Wednesday, March 26, 2014

Recipe for corned beef with tangy horseradish-mustard sauce (pressure cooker, slow cooker or stovetop)

Growing up not in the St. Patrick's Day tradition, but in the corned-beef-on-rye-at-the-deli tradition, I'm a huge fan of corned beef. Fortunately, right after St. Patrick's Day, corned beef goes on sale in my local supermarket, and I snag a few pieces of low-sodium flat-cutcorned beef to stash in the freezer. (Low sodium is the key, so be sure to look for that on the label.) Usually I cook it in the slow cooker, or even on the stove top, but this year I put my new electric pressure cooker to the test. I don't want to brag, but, honestly, this was the best corned beef I've ever made, and it was by far the easiest. No fussing required, ready in under two hours, perfectly tender, not salty, great for sandwiches the next day. All around perfect, with a kick from horseradish in the mustard sauce. Skip the traditional New England boiled dinner of corned beef and soggy vegetables: serve your corned beef with a platter of oven-roasted carrots, cabbage and potatoes, or this roasted cabbage, apple and pecan salad.

Corned beef with tangy horseradish-mustard sauce

From the pantry, you'll need: bay leafblack peppercornsDijon mustardprepared horseradishmayonnaisebeer (I use non-alcoholic).
Serves 6-8.


3.5- to 4-lb low-sodium flat cut corned beef
12-oz bottle of beer (I use O'Doul's non-alcoholic beer)
1 bay leaf
3 black peppercorns
4 tsp Dijon mustard
1 tsp prepared horseradish
4 tsp mayonnaise
1/2 tsp fresh black pepper


You can cook corned beef in the pressure cooker, in a slow cooker or in a Dutch oven on the stovetop. I've tried them all, and honestly, my new pressure cooker does the best job. If you have all of the options available, go the pressure route. Note that the amount of liquid varies with each method.
Pressure cooker method: Remove the corned beef from the package, and discard the spice packet. Rinse under cold water, and pat dry with paper towels. Trim any excess fat off the corned beef, but leave a thin layer to protect the meat. Place the meat in the pressure cooker. Pour the beer into an 8-cup measuring cup; add water up to the 6-cup mark. Pour the liquid into the cooker, along with the bay leaf and peppercorns. Following the directions that came with your pressure cooker, cook the corned beef on High Pressure for 90 minutes. Use Natural Pressure Release for 15 minutes, then release the remaining pressure with the Quick Release method. Use tongs to remove the meat to a platter, and set aside to cool for 5 minutes before slicing the meat.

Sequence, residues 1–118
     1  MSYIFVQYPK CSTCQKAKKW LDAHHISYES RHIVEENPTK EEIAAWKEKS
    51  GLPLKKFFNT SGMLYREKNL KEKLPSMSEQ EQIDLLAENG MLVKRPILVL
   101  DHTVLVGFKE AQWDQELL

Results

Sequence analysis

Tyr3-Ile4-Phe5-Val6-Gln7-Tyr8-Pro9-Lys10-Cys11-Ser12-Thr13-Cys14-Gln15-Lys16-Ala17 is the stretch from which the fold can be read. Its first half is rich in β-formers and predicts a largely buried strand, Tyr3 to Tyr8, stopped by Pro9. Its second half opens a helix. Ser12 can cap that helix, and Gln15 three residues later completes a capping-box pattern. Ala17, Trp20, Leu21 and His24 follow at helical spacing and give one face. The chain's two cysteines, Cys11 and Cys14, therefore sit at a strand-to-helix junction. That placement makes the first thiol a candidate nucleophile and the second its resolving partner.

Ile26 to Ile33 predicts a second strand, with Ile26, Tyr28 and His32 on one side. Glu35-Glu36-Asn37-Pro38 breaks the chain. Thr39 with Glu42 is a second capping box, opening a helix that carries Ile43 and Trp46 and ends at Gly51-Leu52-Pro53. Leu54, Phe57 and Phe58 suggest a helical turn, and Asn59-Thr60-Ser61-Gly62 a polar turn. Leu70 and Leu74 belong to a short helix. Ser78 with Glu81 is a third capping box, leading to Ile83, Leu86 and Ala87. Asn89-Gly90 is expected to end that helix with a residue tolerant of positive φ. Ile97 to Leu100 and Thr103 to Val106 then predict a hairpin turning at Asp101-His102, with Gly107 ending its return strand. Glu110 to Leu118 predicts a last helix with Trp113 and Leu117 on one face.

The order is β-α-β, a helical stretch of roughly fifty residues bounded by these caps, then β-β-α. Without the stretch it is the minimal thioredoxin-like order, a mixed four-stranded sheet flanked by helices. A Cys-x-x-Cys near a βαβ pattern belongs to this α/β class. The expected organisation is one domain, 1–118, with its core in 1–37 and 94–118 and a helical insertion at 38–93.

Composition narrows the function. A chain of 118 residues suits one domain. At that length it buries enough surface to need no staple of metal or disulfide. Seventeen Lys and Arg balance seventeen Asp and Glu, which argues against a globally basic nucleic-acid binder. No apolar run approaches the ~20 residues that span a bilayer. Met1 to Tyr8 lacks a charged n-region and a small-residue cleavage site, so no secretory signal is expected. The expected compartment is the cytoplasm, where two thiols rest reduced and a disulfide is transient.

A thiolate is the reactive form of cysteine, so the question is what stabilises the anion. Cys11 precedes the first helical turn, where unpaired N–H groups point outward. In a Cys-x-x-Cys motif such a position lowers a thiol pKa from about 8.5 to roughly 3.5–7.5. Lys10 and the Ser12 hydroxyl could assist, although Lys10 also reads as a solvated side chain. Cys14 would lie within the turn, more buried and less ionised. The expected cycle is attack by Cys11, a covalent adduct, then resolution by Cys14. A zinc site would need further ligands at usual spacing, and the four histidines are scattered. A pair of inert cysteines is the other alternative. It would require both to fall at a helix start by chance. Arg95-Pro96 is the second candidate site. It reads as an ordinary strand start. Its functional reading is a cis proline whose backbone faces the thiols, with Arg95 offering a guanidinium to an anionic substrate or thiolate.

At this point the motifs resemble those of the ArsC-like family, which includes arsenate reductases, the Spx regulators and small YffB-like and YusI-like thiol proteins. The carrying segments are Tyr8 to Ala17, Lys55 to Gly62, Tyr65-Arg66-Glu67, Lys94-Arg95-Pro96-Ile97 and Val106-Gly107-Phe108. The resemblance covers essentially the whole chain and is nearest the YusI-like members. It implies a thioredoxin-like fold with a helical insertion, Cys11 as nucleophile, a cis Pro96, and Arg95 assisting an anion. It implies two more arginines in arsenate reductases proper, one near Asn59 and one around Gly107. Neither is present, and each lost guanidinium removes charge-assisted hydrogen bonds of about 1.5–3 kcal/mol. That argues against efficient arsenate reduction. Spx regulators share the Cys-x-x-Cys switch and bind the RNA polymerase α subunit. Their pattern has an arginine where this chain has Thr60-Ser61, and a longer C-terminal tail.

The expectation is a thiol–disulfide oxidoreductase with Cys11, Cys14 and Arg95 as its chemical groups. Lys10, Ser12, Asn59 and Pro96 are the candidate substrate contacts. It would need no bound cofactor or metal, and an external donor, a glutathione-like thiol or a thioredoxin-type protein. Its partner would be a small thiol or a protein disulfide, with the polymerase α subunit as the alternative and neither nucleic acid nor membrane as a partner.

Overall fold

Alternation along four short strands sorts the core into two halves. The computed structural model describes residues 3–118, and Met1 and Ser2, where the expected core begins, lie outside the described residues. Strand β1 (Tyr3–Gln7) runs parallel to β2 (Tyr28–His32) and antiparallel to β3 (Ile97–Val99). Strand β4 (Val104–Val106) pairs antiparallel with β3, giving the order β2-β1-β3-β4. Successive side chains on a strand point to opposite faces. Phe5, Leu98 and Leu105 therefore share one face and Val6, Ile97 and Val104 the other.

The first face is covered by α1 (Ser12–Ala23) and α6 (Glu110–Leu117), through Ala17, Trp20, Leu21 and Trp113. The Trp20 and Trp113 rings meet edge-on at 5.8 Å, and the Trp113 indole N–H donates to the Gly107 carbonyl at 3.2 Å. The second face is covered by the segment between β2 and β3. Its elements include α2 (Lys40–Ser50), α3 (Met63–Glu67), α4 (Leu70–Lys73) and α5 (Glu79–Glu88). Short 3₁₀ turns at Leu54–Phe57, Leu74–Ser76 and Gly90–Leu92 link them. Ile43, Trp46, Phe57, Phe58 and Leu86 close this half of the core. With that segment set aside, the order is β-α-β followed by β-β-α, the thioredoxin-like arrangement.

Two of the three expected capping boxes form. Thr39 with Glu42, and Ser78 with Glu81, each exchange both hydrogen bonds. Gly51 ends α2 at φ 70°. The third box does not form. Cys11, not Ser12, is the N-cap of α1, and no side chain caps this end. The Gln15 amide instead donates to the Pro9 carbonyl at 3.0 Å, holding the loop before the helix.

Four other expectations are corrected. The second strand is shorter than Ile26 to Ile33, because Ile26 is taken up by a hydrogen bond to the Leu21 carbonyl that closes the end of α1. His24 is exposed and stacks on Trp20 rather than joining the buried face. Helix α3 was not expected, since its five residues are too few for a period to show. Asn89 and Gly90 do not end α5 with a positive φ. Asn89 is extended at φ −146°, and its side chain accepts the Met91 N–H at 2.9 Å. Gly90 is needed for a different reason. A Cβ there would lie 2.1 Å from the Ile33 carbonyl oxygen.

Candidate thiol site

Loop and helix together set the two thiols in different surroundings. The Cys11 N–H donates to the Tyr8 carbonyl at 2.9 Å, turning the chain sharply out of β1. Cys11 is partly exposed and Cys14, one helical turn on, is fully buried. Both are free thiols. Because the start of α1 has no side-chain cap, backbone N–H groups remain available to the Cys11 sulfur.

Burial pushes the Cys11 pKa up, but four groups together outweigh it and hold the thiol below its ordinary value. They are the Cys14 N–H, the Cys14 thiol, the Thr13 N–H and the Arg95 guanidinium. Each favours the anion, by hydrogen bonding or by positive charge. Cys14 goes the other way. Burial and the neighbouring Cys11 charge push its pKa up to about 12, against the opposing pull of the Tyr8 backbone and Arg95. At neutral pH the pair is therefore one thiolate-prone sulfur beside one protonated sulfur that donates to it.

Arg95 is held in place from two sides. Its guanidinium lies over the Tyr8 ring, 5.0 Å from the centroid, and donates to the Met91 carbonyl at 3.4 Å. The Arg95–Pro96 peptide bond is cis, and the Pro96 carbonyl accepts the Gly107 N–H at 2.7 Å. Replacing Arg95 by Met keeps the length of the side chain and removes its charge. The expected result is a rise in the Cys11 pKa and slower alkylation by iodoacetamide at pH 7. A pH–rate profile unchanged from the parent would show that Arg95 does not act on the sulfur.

Slow cooker method: Prepare the meat as above, and set it in a 4- or 5-quart slow cooker. Pour in the bottle of beer. Add water to almost cover the meat. Toss in the bay leaf, and add 12 black peppercorns. Cover and cook on LOW for 8 hours, until the meat is fork-tender. Remove from the cooker, and set aside to cool for 5 minutes before slicing.
Stovetop method: Prepare the meat as above, and place it in a Dutch oven or heavy stockpot. Pour in the bottle of beer, and add water to cover. Toss in the bay leaf, and add 12 black peppercorns. Over high heat, bring the liquid to a boil. Then, reduce heat to low, cover, and cook for 4 hours, until the meat is fork-tender. Remove from the pot, and set aside to cool for 5 minutes before slicing.
While the meat is cooking, mix together the mustard, horseradish, mayonnaise and black pepper. Cover and set in the refrigerator until the meat is cooked. The longer the sauce sits, the more tangy it will be.
Slice the meat, and serve hot, at room temperature or cold, with the mustard sauce. You can freeze the meat after it is completely cooled.

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